Outside the Kazakhstan Embassy in Washington, D.C. stands a statue of the “Golden Warrior” astride the figure of a winged snow leopard from Kazakh folklore. The “Golden Warrior” is a replica of a gold plated suit that clothed the skeleton of an ancient prince and was discovered as part of the 1969 excavation of a burial mound from nomadic Scythian-Saka civilization (VII BC). The statue is not only an icon of Kazakhstan’s independence but a patriotic reflection of the country’s proud history of defending its lands from invaders, ancient cultural heritage, accomplishments and hopes for a peaceful, secure and prosperous future. This year it also marks an important anniversary, 25 years of Kazakhstan’s independence.

Ambassador Kairat Umarov embodies the legacy of the Golden Warrior tradition pursuing peace and security as he seeks to extend his country’s diplomatic presence in Washington, D.C. He was kind enough to extend “Diplomatic Connections” an in-depth interview.

Diplomatic Connections: How did the collapse of the Soviet Union in 1991 affect Kazakhstan’s diplomatic efforts? It was suddenly a very different proposition no longer to be a Soviet republic but to be an independent state.

Ambassador Umarov: Exactly. We had to build our foreign ministry from scratch. All the rest of the ministries had more or less existed as part of the regional government dealing with local issues within the framework of the Soviet Union. But, becoming an independent country meant that it was necessary to deal not only with regional issues but with the whole range of global issues. That was a very difficult and challenging time.

Diplomatic Connections: What was it like to join this fledgling Foreign Ministry? 

Ambassador Umarov: When Kazakhstan became independent a set of rules and principles was presented to those entering the Foreign Service. One of those rules was that a diplomat must work for the good of the state and its people; but at the same time, a diplomat is expected to facilitate relations between states in order to avoid conflict and ensure peace and stability.

We continue to cherish those goals in our Ministry of Foreign Affairs. We hold them in very high esteem. I am very glad that today we have a highly professional foreign service which has more than 70 diplomatic missions all over the world, where 25 years ago there was nothing.

Diplomatic Connections: Kazakhstan occupies a unique geostrategic space, literally between Europe and Asia. How does geography affect Kazakhstan’s diplomacy?

Ambassador Umarov: Geography plays an important role in our foreign policy. Kazakhstan is at the heart of Eurasia. We have the world’s longest border with Russia, longer than the border between the United States and Canada. We have a long border with China. Our neighbors are Central Asian countries, and we are in close proximity to India, Afghanistan, Iran and Pakistan. We are at the crossroads of civilizations serving as a bridge between East and West, North and South.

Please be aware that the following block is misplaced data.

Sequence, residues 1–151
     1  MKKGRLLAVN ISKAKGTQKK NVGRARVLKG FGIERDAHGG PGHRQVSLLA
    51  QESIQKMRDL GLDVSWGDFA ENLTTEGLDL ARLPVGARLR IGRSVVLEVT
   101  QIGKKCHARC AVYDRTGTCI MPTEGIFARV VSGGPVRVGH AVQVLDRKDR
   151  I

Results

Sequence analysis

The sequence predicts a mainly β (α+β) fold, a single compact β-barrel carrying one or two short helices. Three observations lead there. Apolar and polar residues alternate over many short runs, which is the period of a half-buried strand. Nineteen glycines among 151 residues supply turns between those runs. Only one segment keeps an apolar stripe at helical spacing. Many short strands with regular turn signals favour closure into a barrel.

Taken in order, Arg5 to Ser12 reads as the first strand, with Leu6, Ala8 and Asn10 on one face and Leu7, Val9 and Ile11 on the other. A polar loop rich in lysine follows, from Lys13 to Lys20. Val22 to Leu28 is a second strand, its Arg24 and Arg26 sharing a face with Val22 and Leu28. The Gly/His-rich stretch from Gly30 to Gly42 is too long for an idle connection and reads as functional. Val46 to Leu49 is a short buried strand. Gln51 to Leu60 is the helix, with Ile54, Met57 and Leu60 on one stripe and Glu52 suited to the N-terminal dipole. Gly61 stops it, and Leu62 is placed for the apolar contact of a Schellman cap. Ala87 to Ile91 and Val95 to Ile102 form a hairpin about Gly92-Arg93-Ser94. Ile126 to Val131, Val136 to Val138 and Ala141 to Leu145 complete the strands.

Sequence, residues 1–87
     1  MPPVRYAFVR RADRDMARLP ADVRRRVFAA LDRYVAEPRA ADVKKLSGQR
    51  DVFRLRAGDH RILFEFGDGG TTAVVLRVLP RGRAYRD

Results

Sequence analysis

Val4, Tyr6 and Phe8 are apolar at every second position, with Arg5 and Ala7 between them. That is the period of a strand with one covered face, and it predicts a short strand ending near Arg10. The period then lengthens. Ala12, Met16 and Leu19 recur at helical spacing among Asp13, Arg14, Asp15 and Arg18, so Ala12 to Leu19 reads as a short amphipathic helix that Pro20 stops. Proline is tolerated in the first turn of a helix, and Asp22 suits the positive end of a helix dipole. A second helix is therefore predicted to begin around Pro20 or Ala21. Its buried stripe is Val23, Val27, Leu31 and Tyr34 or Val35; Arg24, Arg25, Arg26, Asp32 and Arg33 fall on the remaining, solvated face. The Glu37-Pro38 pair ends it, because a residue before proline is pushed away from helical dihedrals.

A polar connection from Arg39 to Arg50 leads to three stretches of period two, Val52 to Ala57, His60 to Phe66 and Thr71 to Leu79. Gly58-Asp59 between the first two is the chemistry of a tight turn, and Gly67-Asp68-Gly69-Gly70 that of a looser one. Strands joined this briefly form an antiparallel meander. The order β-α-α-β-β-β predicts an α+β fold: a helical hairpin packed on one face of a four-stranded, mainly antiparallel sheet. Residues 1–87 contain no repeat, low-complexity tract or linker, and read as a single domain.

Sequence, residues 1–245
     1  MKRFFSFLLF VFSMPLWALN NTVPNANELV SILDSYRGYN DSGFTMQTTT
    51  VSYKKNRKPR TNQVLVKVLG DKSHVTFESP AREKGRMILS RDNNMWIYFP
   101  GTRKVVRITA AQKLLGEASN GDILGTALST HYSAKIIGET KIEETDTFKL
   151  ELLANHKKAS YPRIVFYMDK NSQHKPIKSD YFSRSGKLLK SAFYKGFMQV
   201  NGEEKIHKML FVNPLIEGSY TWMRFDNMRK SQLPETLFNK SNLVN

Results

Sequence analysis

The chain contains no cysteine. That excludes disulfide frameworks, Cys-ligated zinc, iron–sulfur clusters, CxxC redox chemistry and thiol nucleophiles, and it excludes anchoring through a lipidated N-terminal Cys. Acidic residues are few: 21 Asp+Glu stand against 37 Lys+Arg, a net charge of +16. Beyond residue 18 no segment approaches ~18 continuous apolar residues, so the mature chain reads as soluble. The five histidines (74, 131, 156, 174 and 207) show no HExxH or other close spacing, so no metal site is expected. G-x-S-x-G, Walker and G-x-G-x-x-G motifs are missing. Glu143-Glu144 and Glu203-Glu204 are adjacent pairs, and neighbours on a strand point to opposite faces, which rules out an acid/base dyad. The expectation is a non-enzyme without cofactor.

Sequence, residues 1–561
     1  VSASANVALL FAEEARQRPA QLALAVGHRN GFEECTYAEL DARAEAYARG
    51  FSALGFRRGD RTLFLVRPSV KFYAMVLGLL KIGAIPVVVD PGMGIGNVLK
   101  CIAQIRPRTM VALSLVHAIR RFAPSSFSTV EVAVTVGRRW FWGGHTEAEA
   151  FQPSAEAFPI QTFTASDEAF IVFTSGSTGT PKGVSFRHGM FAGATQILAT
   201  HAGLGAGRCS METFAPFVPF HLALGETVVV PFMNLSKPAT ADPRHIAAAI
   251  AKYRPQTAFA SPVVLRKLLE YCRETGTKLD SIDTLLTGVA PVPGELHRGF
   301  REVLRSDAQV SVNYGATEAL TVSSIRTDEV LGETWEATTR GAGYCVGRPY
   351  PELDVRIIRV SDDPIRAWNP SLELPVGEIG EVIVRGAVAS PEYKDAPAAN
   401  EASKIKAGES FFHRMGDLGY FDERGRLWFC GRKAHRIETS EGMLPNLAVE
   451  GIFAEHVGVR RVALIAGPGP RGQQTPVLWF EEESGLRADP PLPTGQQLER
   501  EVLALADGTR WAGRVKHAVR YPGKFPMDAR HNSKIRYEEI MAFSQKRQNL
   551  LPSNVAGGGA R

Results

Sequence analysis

Our position from the very first days of our independence was to develop friendly relations, cooperative ties with our neighbors and with our major trading and security partners. We stand for mutually beneficial relations that can jointly help to develop our economies. There is a golden rule of diplomacy that in order to succeed it is necessary to be mindful not only of your own country’s interests but of your diplomatic partners’ interests as well.

Diplomatic Connections: Kazakhstan’s foreign policy is often described in official publications as “multi-vectored.” What is meant by that term?

Ambassador Umarov: The world today is not a simple one. Relations between states are made up of complex interdependencies. As my President Nursultan Nazarbayev defines it, multi-vectored diplomacy means a balanced, well-conceived, predictable and responsible foreign policy aimed at avoiding conflicts by building trust and mutual understanding in pursuit of peace.

In April 2016, during a visit to the Nuclear Security Summit in Washington, D.C., President Nazarbayev unveiled his vision for a secure world in “Manifesto. The World. The 21st Century.” There he actually “declared war on war” appealing for a new mentality that would eliminate war as a way of life and underscoring the responsibility of leading world powers to achieve a nuclear-weapons-free-world in this century.

At the beginning of our independence, of course, people could not understand what this sort of policy would mean. How could a country like Kazakhstan develop strong relations with such different countries as the Russian Federation, China, the United States as well as organizations like the EU, NATO and the OSCE? But, at the end of the day, we can say this policy has proven itself right. The policy has made Kazakhstan more stable and more secure.

Read full article at Diplomatic Connections